As far back as the 1930s, Pat Olivieri, a Philadelphia hot dog seller, served up a sandwich by grilling some beef. When a passing taxi driver smelled the sizzling steak, he became a fan of Olivieri’s. The city’s most famous dish, the Philly Cheesesteak, was created here. Which dish is the most iconic Colorado food?
Is there a dish in Colorado that is as iconic as this? In this article, we will be listing down some of the hopefuls, and you get to decide for yourself which one truly identifies as Colorado’s iconic dish.
A person in Denver once filed a trademark for the cheeseburger. Did you know that? As if that’s not enough, the same person experimented with cheese, peanut butter, and even chocolate on burgers. This was the owner of the long-gone Humpty Dumpty Drive-In near Speer and Federal.
Louis Ballast had begun working on the trademark application but never finished it. A marble memorial now stands where the restaurant once stood, claiming the Mile High City as the home of this well-known food item.
He wasn’t the first to put cheese on a burger, but he was the first to submit a trademark application. However, we have several menus from other restaurants in the United States that were serving cheeseburgers at the trademark filing in 1935.
Actually, there was a Chili Cheeseburger in LA at the time. So, you know, the cheeseburger has been around for about a century in the United States.
In Colorado, you may find green chile in a cup or bowl, smothered in a burrito, or even within a breakfast burrito. It’s a strong competitor because of its widespread use. It’s also a tasty treat. The green chile is a stew that demonstrates the fusion of cultures in Southern Colorado with pork, tomatoes, and Pueblo green chiles.
Coal mining brought Italian immigrants to Pueblo in the early 20th century. Eventually, they encountered chilies, a favorite dish of their Hispanic neighbors. Thus, they smashed these flavors and cultures together into green chile.
Put a cheeseburger in the pot with the excellent green chile stew. That’s what the Slopper is essentially. According to Dean Gray, the proprietor of Gray’s Coors Tavern, it’s a Pueblo creation.
He narrates the dish’s origin from one Herb Casebeer, who had a sports shop in the neighborhood. He used to order food from the Greco’s, the previous owners, all the time. “Just give me one of those Sloppers” became the phrase of choice for the staff whenever he entered the building.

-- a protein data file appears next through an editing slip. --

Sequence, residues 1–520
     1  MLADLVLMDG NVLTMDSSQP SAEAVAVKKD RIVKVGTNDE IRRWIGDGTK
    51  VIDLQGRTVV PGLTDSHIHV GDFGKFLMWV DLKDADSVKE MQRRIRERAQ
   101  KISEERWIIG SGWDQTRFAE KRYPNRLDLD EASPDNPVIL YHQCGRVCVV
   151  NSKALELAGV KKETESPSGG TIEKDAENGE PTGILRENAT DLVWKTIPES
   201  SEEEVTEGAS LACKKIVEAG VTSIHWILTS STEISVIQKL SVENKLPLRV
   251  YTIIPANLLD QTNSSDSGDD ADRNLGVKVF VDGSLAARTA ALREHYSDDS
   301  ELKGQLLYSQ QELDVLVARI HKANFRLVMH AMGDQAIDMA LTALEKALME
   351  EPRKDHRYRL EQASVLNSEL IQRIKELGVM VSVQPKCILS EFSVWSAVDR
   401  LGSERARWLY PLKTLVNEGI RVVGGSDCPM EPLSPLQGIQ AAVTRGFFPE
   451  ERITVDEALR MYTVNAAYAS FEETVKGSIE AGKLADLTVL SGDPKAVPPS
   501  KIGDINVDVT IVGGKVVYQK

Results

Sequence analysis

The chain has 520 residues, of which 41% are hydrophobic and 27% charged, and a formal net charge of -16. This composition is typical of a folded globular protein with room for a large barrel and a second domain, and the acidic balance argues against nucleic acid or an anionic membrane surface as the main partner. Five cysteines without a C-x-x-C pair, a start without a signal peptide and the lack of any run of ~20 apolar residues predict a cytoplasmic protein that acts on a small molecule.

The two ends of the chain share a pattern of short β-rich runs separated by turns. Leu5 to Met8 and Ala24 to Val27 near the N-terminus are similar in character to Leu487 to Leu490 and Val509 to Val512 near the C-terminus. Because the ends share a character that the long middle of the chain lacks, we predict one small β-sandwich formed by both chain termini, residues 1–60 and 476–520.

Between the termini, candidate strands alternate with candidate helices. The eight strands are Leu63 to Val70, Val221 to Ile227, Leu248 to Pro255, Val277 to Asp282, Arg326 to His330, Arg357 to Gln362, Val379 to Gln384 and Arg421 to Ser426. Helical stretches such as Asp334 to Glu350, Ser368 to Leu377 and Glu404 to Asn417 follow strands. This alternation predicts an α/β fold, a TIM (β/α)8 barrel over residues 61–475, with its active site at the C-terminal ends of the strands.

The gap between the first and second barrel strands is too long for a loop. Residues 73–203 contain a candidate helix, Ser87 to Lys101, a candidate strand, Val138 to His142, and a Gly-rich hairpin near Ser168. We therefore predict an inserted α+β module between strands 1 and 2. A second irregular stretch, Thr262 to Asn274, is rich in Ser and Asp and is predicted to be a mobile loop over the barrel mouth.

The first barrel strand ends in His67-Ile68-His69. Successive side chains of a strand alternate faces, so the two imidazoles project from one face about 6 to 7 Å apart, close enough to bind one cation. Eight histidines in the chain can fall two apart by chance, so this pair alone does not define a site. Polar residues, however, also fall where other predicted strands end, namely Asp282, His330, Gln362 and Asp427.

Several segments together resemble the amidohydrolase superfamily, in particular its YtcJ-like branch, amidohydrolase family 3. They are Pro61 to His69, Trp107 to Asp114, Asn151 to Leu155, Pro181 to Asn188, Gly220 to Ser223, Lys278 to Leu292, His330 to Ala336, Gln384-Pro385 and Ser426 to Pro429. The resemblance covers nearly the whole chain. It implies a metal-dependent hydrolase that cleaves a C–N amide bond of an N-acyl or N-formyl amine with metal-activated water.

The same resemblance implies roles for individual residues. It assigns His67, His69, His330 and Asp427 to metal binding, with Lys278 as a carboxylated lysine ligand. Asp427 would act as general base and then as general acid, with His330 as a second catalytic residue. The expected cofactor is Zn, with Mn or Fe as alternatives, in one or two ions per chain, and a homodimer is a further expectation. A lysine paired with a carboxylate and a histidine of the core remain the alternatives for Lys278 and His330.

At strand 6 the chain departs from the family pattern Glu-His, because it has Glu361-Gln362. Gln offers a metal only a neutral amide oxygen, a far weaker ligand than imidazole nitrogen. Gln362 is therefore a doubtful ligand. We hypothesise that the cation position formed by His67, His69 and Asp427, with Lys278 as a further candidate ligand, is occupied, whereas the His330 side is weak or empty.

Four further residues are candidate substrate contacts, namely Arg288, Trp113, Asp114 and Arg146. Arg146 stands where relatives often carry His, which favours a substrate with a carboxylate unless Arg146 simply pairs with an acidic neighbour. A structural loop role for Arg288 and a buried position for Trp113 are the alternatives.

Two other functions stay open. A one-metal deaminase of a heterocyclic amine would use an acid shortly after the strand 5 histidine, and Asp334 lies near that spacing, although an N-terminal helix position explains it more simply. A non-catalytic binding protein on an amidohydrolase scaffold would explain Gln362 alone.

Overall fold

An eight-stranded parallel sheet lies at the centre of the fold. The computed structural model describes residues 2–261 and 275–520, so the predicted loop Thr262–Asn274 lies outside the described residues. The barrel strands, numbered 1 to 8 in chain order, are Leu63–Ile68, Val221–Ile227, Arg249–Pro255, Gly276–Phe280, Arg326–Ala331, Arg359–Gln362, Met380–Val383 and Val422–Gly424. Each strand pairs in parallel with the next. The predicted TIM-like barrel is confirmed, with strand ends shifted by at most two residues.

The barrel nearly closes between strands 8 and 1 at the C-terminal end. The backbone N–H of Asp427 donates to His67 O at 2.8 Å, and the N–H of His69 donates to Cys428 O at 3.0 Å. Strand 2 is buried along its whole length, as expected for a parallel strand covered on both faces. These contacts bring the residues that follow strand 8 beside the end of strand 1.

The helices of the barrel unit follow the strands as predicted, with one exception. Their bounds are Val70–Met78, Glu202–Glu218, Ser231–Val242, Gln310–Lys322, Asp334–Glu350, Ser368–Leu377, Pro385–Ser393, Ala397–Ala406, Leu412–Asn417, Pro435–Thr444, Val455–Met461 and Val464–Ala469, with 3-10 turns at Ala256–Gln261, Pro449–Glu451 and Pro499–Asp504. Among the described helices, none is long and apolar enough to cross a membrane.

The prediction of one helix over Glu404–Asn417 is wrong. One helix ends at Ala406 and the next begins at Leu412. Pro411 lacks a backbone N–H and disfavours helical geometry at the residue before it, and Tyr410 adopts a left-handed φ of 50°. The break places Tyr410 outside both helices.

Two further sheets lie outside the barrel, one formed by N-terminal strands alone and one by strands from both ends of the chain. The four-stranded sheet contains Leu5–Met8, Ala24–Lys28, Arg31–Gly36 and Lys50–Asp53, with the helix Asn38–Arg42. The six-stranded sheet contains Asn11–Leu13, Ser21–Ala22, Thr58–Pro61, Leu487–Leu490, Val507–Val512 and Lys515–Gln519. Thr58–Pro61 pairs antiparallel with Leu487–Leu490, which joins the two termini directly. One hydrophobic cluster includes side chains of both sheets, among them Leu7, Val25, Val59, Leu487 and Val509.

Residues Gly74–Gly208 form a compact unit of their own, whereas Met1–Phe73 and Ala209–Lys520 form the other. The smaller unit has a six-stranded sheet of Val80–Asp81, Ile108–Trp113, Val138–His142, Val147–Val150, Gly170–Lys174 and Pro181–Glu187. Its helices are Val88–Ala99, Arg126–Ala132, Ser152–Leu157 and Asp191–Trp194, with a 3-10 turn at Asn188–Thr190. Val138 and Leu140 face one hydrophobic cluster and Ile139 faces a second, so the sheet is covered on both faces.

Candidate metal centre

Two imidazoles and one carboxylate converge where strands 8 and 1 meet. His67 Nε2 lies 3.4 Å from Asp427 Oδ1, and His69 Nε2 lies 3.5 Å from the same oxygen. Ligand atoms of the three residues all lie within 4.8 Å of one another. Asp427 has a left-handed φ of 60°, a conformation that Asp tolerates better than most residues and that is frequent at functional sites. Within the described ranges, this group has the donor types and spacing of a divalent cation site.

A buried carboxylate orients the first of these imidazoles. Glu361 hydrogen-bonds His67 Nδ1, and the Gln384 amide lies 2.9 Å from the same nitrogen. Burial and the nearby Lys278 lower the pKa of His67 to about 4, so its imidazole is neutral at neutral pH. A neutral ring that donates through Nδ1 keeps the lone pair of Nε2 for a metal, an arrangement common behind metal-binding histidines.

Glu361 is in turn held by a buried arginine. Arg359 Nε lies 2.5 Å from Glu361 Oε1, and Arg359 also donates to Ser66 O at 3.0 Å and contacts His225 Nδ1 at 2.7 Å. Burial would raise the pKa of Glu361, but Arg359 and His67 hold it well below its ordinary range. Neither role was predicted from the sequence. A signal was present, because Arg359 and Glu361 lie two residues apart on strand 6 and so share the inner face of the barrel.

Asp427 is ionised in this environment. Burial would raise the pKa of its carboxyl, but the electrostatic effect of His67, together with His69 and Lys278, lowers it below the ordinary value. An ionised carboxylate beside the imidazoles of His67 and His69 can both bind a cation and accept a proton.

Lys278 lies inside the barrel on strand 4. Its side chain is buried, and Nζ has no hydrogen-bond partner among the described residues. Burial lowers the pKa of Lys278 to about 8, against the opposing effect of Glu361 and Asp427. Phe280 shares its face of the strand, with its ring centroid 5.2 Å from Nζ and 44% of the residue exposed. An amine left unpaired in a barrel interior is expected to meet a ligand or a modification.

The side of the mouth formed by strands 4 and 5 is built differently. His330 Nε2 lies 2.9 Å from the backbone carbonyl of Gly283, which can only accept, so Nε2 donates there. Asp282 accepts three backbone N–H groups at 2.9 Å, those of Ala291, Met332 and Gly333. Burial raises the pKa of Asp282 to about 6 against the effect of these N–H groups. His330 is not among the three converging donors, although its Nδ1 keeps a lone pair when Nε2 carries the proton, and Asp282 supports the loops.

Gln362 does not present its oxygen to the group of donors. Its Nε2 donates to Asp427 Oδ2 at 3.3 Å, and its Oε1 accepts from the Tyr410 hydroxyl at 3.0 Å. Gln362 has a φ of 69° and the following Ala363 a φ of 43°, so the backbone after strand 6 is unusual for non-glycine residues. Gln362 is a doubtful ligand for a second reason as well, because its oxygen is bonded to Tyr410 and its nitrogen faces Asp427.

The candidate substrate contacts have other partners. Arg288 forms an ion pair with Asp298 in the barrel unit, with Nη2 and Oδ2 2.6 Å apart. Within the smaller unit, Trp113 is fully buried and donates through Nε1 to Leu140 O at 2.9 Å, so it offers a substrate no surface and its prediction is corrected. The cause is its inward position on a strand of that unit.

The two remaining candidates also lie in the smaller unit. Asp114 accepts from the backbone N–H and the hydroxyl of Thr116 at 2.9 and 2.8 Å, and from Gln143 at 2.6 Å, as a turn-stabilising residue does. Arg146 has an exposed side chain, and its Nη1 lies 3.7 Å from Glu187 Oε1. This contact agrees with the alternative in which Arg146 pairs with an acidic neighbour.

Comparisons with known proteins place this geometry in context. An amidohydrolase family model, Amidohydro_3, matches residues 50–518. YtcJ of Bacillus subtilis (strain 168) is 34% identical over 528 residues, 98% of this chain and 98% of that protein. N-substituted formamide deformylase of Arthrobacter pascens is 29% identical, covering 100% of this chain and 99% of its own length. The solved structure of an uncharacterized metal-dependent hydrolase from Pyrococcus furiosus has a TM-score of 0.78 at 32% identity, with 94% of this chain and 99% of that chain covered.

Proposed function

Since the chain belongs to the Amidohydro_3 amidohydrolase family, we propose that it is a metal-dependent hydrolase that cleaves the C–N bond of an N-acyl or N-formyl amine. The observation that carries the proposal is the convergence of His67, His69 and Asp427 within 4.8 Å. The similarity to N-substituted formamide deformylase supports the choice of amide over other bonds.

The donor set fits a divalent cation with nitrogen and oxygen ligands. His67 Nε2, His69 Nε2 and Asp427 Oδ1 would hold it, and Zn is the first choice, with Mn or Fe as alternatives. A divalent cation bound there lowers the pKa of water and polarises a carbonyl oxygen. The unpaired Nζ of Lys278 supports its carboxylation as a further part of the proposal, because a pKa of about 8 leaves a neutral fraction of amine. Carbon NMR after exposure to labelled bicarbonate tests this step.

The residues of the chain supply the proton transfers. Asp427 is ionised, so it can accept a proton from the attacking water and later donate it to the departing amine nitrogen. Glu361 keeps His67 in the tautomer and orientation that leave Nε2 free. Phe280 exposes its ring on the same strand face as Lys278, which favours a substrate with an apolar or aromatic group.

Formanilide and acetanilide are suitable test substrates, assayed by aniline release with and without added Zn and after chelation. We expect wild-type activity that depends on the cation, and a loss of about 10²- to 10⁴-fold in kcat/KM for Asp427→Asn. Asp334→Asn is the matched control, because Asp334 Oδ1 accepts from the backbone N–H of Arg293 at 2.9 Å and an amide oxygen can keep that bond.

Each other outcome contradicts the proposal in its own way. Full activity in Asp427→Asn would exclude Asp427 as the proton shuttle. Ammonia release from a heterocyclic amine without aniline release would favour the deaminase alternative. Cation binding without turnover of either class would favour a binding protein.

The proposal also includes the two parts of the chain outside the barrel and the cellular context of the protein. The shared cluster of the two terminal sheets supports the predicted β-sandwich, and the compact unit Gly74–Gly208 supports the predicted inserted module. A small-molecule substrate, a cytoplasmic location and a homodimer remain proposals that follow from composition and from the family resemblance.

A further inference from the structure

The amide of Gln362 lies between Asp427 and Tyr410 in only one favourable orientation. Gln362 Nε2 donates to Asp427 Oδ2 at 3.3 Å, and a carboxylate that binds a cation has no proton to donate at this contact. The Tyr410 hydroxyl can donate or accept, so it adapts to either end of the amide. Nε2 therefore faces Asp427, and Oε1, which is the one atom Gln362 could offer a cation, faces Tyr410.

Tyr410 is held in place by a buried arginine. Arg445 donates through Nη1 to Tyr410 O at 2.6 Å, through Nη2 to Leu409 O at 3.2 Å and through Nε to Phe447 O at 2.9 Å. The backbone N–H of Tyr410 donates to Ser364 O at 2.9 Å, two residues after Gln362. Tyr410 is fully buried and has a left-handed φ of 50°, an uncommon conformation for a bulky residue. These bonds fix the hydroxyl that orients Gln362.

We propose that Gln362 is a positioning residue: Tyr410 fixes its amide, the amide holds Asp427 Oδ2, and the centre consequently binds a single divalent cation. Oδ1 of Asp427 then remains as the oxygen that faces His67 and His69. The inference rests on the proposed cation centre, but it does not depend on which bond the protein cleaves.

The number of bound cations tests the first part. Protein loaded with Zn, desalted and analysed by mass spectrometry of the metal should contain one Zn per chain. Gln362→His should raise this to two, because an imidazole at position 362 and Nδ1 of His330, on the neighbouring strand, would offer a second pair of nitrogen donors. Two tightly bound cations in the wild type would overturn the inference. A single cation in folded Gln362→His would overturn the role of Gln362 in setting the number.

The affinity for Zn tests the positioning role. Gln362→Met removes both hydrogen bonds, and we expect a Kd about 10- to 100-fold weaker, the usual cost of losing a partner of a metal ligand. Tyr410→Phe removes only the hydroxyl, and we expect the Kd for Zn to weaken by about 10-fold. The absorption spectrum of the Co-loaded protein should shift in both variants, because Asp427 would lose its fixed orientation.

Rocky Mountain Oysters
While it may sound like it, this is no luxury dish offered in your in-home chef experience. The dish’s name is a bit of a misnomer, given that it isn’t seafood.
Cowboy Caviar and Prairie Oysters are both names for the jewels that formerly belonged to a bull before it was castrated. Sometimes, the dish is even aptly called “meat balls.”
Cutting them apart, frying them, and serving them with horseradish or cocktail sauce are some of the techniques used by chefs like Edgar Garcia at Denver’s The Buckhorn Exchange.
Rocky Mountain Oysters have been present for a very long time. It is thought to have originated during a time when people had to use all of the animal’s parts to avoid waste. They may seem off-putting at first, but they’re actually great fried treats.
According to historians, this omelet of ham, onions, and green peppers—which typically includes cheese—has been around since the railroad days. It’s also known as a Western omelet in other regions of the country.
It is thought to have originated with Chinese immigrants who would make an egg dish from various leftovers.
These are only a few dishes that could be considered Colorado’s iconic cuisine. There are many things that you might consider iconic. So after listing the dishes, which dish is the most iconic Colorado food??
If you haven’t tried them yet, you can get a private chef to offer you these Colorado treats so you can decide for yourself.
Are you looking for a private chef? Food Fire + Knives gives you private chef catering and the perfect private chef experience. Check out our menu and book your private chef today!